Should You Tell Your Conventional Doctor that You are Taking Low Dose Naltrexone (LDN)?
This is a great question, actually. I had a very smart doctor freak out and think I'm a drug addict when I disclose that they were taking LDN 4.5 milligrams. She did not understand that Low Dose is different. I no longer disclosed taking it to conventional doctors. How do you advise handling this? Yeah, this is very hard. I will say though that LDN is being taught at the University of Michigan in medical school. It is now gaining one of it's name in the world. People are acknowledging the treatment of Low Dose Naltrexone now more and more and more. There it's really a lot of integrated doctors more open, conventional doctors, it's hard to gauge if the doctor's open to it or not. Some will just not be period and you can't change their minds. So I encourage you. Integrative doctors are normally very good about this stuff. They're very open. You can provide research on the LDN Research Trust. Like I said, it has all the published research you can find, any abstract that you could want. I would bring in that stuff because a good provider is going to look at this information and read it and want to learn more about how to help our patients. If you just Google Naltrexone you're gonna get all this stuff about alcohol overuse syndrome and methadone withdrawal and so they have to Google Low Dose Naltrexone to actually get to it.
I don't like the idea of hiding that you're taking Low Dose Naltrexone because heaven forbid you're in an accident and you broke your leg right and the first thing the medics are going to do, at least in the U.S, are they going to try to, you know, inject you with some morphine or whatever to help and alleviate the pain. If you're on LDN if this happens at night and you're racing to the store to you know get your fix of chocolate mint ice cream or something, you know heaven forbid, somebody you get in an accident or whatever you want to make sure that that medication list is up to date. I think it's better to approach a situation where I'm sorry you're freaking out about me taking 4.5 milligrams of Low Dose Naltrexone, however this is a very well-studied medication. There are over 950 medical articles and case studies written about Low Dose Naltrexone. I've been a pharmacist for 35 years. I have yet to find another molecule that has been written about so much. I mean I challenge someone to come up with a medication that is so well written about, but yet still so much under the surface.
The reason is that we don't have great big drug companies going hey, look at this. This is amazing. Now we do have two clinical trials going on, one specifically on chronic regional pain syndrome and another one on Crohn's. Perhaps Low Dose Naltrexone will be commercially available in the next 15-20 years. Only for those two indications and in very specific dosing regimen. However, that does not diminish the validity of this medication at all. Very smart doctors will hopefully start opening their eyes to the possibilities that there are ways to use medications in very different dosing than what they were traditionally taught. Naltrexone is not Naloxone. Naltrexone in a 50 milligram dose is not Naltrexone at a 4.5-milligram dose. It's just about education. You can also go back to your compounding pharmacist with that information and a lot of us are more than happy to talk to this very smart doctor and provide them with free education. Invite them to come talk to us. This is a great forum for providers to type in questions. We have several anonymous attendees on here today. We're happy to answer whatever questions they want to ask. If they can be as pointed, as direct, as controversial as they'd like.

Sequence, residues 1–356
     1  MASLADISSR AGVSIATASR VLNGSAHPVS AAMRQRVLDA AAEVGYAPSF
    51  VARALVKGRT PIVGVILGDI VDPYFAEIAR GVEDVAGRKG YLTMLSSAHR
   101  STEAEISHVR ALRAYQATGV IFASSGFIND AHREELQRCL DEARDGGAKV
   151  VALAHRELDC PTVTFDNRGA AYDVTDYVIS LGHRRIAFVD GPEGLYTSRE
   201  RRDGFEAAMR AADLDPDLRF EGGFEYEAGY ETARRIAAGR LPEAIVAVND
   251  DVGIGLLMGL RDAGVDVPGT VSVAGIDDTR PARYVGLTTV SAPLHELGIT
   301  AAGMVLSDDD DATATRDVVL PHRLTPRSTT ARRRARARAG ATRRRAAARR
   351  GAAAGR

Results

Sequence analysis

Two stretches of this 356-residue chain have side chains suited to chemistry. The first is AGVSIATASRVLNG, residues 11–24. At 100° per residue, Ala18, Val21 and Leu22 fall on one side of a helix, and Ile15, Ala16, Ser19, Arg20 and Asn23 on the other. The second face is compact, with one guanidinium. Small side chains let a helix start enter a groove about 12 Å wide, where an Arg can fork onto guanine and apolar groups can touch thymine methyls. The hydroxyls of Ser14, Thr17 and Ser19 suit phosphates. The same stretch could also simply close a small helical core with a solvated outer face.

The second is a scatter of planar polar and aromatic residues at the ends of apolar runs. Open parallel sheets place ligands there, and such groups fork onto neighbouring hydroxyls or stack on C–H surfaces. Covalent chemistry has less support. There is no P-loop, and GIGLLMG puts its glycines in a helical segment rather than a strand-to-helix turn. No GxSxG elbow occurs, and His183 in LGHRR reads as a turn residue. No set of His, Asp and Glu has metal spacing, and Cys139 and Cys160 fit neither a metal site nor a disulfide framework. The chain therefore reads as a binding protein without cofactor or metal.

To feel that a doctor is really down on what they're not up on is a tough one. I think that is something that a lot of people face. Certainly, in this country, too. What I tend to do is I would advise them to share the first chapter, LDN book three. The first chapter, The History and Pharmacology of LDN in the original LDN by Stephen Dixon is a very good comprehensive pharmacological explanation. So often, I would say to a patient, take that along and hopefully a doctor will have a look at it.
What we are finding here, I don't know if you've got this over in the States but because of all the research coming out on Long COVID, um it's become a lot more mainstream now. The problem we have in Britain is that it is awfully unlicensed and I think about five years ago the NHS just vetoed all kinds of prescribing like that. It's pretty unlikely it will go to a funded prescription. But as we all know it's not particularly expensive. So the majority of people are quite happy to pay for it.